United States District Court, W.D. Virginia, Harrisonburg Division
MICHAEL F. URBANSKI CHIEF UNITED STATES DISTRICT JUDGE.
Jose Breton-Pichardo filed an emergency motion to reduce his
sentence pursuant to the First Step Act of 2018, Pub. L. No.
115-015. He asks that his sentence be reduced to from 262
months to 188 months which will result in his immediate
release, to be followed by four years of supervised release.
ECF No. 650. The government does not contest that
Breton-Pichardo is eligible for consideration of a reduction
in his sentence and agrees that he is entitled to immediate
release to be followed by four years of supervised release.
ECF No. 654. Neither party requested a hearing. For the
reasons set forth below, the court will
GRANT Breton-Pichardo's request and
modify his sentence to 188 months, but not less than time
served, to be followed by a four-year term of supervised
29, 2003, pursuant to a written plea agreement,
Breton-Pichardo pleaded guilty to one count of possession
with intent to distribute more than 50 grams of cocaine base,
in violation of 21 U.S.C. §§ 846 and 841(b)(1)(A).
PSR, ECF Nos. 652 at 1 and 653 at 1. The accountable drug
weight was 336.6 grams of cocaine base, but his guidelines
were determined based upon the career offender guideline,
U.S.S.G. § 4B1.1. ECF No. 652 at 9, 13. That guideline
provided a range of 262-327 months of imprisonment for
offenses where the maximum sentence is life imprisonment and
the defendant receives credit for acceptance of
responsibility. ECF No. 652 at 19. On November 14, 2003
Breton-Pichardo was sentenced to 262 months imprisonment and
an 8-year term of supervised release. ECF No. 100 at 2-3.
Breton-Pichardo's current release date is August 23,
2021. ECF No. 650 at 2.
time Breton-Pichardo was sentenced, a violation of §
841(b)(1)(A) carried a mandatory minimum sentence of 10 years
and a maximum of life imprisonment if the offense involved
more than 50 grams of cocaine base, and a penalty range of 5
to 40 years if the offense involved more than 5 grams of
cocaine base. 21 U.S.C. § 841(b)(1)(A) and (B) (2006).
In 2010, the Fair Sentencing Act was enacted, and Section 2
of the act reduced penalties for offenses involving cocaine
base by increasing the threshold drug quantities required to
trigger mandatory minimum sentences under 21 U.S.C. §
841(b)(1). Fair Sentencing Act of 2010, Pub. L. No. 111-220,
§ 2, 124 Stat. 2372 (2010). Currently, in order to
trigger the 10-years-to-life-sentencing range, the offense
must involve more than 280 grams of cocaine base, and to
trigger the 5-to-40-year sentencing range, the offense must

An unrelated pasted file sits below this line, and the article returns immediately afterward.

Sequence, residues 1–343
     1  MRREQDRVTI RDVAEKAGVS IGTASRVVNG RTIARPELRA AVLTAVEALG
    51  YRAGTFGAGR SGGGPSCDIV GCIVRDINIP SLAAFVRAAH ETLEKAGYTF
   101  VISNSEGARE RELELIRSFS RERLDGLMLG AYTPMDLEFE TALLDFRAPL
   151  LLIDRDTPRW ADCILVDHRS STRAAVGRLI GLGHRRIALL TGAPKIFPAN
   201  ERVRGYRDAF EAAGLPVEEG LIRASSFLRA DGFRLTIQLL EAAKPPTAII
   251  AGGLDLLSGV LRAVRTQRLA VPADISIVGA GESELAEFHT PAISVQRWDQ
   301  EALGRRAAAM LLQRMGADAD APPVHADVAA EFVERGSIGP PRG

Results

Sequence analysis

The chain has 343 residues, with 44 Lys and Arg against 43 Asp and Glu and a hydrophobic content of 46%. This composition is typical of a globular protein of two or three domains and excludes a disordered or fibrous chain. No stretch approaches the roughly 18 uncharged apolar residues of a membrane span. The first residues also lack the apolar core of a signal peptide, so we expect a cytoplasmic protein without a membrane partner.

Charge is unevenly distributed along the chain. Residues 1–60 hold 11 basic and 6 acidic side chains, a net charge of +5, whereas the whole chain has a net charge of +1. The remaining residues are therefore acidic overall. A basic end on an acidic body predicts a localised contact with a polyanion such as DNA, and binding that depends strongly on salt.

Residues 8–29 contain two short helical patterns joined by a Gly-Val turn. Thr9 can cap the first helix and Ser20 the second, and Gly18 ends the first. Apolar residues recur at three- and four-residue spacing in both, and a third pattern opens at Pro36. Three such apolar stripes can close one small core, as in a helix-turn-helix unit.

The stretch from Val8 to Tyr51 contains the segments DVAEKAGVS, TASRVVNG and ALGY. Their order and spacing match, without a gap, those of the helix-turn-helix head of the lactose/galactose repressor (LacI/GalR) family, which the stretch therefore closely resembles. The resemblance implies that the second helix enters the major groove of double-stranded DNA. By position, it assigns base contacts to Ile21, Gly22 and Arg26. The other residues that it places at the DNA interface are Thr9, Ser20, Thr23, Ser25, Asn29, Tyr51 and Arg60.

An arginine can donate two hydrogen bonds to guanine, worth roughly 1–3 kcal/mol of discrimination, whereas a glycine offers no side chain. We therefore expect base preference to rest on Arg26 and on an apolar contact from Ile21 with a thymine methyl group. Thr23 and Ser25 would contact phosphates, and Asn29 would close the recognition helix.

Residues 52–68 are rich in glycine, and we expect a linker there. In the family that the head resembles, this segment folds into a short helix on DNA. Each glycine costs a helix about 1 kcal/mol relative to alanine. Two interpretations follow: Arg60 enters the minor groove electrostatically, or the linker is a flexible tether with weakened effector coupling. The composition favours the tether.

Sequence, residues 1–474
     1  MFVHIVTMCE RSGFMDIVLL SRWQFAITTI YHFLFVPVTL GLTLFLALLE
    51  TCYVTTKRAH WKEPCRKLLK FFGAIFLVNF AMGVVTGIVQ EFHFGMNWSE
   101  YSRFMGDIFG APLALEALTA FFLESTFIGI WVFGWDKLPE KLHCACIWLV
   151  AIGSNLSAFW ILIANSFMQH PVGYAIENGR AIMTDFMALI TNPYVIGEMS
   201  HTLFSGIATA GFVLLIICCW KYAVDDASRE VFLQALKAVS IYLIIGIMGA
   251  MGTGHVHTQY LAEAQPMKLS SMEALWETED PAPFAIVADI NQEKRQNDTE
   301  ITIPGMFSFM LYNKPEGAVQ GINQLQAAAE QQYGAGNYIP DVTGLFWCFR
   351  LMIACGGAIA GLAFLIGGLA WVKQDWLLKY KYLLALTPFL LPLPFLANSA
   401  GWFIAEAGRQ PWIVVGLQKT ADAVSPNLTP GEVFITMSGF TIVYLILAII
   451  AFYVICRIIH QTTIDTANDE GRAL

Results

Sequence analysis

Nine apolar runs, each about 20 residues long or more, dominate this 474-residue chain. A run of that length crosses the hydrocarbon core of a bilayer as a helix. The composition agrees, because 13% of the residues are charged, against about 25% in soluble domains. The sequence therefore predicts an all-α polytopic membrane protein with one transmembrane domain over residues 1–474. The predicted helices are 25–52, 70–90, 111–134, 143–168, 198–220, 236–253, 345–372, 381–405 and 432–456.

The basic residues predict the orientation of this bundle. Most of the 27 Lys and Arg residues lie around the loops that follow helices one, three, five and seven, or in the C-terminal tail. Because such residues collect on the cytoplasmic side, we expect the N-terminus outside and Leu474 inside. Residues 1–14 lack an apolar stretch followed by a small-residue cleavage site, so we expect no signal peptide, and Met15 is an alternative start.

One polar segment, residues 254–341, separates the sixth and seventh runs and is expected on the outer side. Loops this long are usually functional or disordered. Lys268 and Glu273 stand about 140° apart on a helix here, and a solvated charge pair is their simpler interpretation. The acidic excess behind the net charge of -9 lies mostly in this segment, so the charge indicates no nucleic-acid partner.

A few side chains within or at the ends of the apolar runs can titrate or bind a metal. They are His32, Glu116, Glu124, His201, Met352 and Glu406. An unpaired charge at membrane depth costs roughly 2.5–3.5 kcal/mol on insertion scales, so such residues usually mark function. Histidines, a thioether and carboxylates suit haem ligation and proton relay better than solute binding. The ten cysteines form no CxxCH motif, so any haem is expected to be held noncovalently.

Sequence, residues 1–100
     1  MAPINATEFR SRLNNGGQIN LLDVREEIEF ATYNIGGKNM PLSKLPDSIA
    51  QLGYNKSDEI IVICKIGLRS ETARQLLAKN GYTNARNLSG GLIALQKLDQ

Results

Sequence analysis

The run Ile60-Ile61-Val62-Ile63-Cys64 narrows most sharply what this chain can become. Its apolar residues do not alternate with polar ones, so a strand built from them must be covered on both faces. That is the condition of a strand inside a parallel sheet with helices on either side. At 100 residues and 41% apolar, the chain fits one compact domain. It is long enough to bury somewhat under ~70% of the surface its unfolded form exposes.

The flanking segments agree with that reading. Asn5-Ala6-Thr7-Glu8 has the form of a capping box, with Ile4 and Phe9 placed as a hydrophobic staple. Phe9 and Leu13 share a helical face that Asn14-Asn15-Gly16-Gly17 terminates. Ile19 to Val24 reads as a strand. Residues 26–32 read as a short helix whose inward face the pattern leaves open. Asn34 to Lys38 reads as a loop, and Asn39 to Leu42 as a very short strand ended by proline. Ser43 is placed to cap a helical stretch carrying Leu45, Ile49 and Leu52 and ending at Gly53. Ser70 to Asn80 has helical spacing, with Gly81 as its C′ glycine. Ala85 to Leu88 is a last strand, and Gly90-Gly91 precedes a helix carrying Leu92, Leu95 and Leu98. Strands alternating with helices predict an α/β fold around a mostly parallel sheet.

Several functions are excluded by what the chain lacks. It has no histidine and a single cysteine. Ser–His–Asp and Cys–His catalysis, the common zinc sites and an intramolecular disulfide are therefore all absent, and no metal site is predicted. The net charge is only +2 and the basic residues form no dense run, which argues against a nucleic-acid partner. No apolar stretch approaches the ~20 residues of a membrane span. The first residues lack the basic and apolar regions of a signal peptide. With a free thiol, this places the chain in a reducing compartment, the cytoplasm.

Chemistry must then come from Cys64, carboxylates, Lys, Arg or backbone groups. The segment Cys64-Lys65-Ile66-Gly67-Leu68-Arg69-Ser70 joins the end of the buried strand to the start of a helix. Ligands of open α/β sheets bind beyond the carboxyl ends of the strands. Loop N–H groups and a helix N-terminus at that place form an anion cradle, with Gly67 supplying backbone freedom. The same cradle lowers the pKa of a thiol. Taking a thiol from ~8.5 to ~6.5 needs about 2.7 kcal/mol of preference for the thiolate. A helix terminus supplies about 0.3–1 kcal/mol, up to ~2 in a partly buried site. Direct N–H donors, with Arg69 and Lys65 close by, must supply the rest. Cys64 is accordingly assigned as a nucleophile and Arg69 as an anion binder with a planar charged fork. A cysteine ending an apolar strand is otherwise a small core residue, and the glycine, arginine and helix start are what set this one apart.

involve more than 28 grams of cocaine base.
First Step Act was enacted on December 21, 2018. Section 404
of the act permits a court, upon motion of the defendant or
the government, or upon its own motion, to impose a reduced
sentence for certain offenses in accordance with the Fair
Sentencing Act of 2010, if such a reduction was not
previously granted. Offenses qualify for the reduction if
they were committed before August 3, 2010 and carry the
statutory penalties which were modified by section 2 or 3 of
the Fair Sentencing Act of 2010. First Step Act of 2018, Pub.
L. No. 115-015, 132 Stat. 015 (2018).
parties agree that the First Step Act applies to
Breton-Pichardo. Because the indicted drug quantity was 50
grams of cocaine base, if the Fair Sentencing Act had been in
effect in 2007, Breton-Pichardo would have faced a maximum
term of 40 years rather than life imprisonment. In turn, that
maximum sentence would have resulted in an offense level of
31 rather than 34 under the career offender guideline. With a
criminal history category of VI, the corresponding advisory
range for offense level 31 is 188 to 235 months of
imprisonment. In addition, his mandatory minimum sentence
would have been 60 months rather than 120 months.
Breton-Pichardo been sentenced after passage of the Fair
Sentencing Act, the appropriate sentence would have been 188
months, followed by a 4-year term of supervised release.
Thus, the parties agree that an appropriate sentence for
Breton-Pichardo under the First Step Act would be 188 months,
followed by a 4-year term of supervised release. Because
Pichardo has served approximately 197 months, the parties
agree that his sentence should be modified to time
served. Breton-Pichardo has not previously moved
for a reduced sentence pursuant to the First Step Act of 2018
and has not previously had his sentence reduced as if die
Fair Sentencing Act of 2010 applied in his case.
court will GRANT Breton-Pichardo's emergency motion to
reduce his sentence, ECF No. 650, and modify his sentence to
a total period of 188 months, but not less than time served,
to be followed by a four-year term of supervised release. The
court finds the sentence agreed to by the parties is
sufficient, but not greater than necessary, and accounts for
the sentencing factors the court must consider pursuant to 18
U.S.C. § 3553(a), specifically deterrence, protection of
the public, and respect for the law.
appropriate Order and amended judgment will be entered.